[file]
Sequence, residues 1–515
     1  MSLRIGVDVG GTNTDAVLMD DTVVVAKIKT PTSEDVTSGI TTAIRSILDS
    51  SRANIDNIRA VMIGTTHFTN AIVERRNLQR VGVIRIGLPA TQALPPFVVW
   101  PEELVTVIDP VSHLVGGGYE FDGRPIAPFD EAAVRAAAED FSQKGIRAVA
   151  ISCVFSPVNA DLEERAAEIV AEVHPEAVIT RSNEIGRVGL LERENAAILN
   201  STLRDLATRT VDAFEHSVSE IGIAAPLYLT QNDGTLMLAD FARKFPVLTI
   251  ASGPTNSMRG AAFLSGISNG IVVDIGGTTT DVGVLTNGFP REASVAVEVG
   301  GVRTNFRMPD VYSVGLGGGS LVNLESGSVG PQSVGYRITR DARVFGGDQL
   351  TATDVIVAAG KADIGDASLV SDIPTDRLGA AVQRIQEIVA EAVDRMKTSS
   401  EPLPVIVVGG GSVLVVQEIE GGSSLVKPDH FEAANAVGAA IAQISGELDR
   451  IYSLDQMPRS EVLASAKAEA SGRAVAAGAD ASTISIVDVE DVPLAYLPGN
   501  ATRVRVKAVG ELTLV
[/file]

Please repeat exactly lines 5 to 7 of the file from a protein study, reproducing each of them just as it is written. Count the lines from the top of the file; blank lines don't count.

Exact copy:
   151  ISCVFSPVNA DLEERAAEIV AEVHPEAVIT RSNEIGRVGL LERENAAILN
   201  STLRDLATRT VDAFEHSVSE IGIAAPLYLT QNDGTLMLAD FARKFPVLTI
   251  ASGPTNSMRG AAFLSGISNG IVVDIGGTTT DVGVLTNGFP REASVAVEVG